The greater Mekong subregion (GMS) could become Asia's new low-cost production hub as the region becomes more integrated, experts say.
The GMS comprises Vietnam, Myanmar, Cambodia, Laos and Thailand as well two regions in China: the Yunnan province and the Guangxi Zhuang Autonomous Region.
"With China's industrial heartland in the coastal regions of the Pearl River Delta and Yangtze River Delta facing increasing pressures on competitiveness due to rising labor costs, the GMS offers considerable potential as an alternative location for the establishment of low cost manufacturing," Rajiv Biswas, Asia-Pacific chief economist at IHS Global Insight, said in a note last week.
Biswas estimates the region's combined gross domestic product (GDP) at $1.1 trillion this year, larger than in Indonesia, Southeast Asia's most populous country. By 2015, the region is forecast to grow 6.2 percent and hit a combined GDP of $3 trillion by 2024. The area currently accounts for less than 5 percent of global manufacturing in value-added terms, but IHS notes that infrastructure is key to realizing the region's potential.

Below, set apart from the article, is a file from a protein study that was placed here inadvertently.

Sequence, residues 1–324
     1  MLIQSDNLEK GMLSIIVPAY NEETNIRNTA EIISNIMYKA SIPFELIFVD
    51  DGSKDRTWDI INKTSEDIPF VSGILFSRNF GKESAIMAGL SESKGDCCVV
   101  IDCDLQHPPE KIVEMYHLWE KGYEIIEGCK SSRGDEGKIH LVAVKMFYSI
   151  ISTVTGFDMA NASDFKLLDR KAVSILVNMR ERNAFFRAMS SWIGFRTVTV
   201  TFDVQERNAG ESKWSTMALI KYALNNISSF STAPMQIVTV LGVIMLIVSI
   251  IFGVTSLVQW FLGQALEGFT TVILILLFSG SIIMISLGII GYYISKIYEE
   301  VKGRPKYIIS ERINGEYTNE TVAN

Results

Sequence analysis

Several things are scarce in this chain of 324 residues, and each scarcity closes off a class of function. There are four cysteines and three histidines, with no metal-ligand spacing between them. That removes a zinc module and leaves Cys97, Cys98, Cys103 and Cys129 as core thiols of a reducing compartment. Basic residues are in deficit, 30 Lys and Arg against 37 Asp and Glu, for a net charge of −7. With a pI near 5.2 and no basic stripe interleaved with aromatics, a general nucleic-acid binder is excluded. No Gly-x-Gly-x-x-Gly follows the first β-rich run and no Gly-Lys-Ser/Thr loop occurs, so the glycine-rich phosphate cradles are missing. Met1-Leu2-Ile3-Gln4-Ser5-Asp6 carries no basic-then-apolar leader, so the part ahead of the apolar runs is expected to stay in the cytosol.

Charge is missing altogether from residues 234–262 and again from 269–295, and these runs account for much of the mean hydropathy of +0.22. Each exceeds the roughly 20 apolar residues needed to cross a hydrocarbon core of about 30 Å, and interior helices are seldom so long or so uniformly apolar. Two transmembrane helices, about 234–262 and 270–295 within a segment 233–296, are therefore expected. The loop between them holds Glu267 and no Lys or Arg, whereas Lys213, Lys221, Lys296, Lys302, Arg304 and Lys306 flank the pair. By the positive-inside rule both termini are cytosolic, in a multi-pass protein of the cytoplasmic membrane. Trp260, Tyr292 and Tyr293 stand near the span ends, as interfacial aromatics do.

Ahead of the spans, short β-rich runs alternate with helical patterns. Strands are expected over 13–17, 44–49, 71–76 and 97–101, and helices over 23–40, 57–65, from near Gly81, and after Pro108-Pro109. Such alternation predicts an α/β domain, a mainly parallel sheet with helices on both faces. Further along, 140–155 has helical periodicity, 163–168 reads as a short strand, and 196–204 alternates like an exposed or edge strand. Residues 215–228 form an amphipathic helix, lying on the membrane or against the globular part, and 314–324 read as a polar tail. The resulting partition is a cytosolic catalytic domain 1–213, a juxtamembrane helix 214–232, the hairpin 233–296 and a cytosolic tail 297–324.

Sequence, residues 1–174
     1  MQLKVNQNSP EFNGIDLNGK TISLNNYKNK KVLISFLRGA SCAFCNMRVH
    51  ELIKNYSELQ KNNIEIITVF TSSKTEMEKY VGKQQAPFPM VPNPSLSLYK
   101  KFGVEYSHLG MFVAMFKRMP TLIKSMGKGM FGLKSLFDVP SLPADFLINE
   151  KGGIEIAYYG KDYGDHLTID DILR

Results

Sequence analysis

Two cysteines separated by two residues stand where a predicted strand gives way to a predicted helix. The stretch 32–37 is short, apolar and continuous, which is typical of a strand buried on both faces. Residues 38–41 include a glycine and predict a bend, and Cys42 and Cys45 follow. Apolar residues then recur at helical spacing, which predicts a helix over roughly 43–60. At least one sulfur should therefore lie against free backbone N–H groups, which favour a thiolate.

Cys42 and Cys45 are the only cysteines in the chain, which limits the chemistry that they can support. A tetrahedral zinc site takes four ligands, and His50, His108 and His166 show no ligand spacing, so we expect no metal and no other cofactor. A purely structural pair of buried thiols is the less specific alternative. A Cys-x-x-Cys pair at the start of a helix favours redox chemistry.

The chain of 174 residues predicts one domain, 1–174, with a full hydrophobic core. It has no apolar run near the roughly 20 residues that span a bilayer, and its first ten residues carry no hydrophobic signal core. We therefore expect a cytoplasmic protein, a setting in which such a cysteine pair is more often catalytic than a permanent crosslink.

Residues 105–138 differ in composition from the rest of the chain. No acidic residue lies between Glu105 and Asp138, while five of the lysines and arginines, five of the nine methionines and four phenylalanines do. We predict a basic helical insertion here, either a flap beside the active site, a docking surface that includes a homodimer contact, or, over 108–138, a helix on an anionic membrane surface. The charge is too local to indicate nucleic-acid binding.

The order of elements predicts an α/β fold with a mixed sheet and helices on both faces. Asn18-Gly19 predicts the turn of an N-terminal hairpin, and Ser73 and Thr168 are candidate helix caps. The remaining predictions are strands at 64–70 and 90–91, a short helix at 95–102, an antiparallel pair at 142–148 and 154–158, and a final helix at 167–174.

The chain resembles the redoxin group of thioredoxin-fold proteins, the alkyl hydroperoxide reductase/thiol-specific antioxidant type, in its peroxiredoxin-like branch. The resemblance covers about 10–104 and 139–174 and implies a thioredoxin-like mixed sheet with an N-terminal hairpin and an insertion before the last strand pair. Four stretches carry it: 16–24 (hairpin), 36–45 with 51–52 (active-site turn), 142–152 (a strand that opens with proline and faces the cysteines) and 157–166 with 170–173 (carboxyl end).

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"If infrastructure connectivity is strengthened in Southeast Asia to allow high-speed rail networks and modern roads to link provinces such as Yunnan in southern China to the Indian Ocean via Thailand and Myanmar, this could significantly improve freight logistics...and create significant opportunities for the development of major ports and free trade zones in Thailand and Myanmar, boosting their economic development as entrepots."
While China still enjoys retains its reputation as the world's leading production center, its slowing economy and double-digit wage increases are causing foreign firms to look to Asia's frontier economies.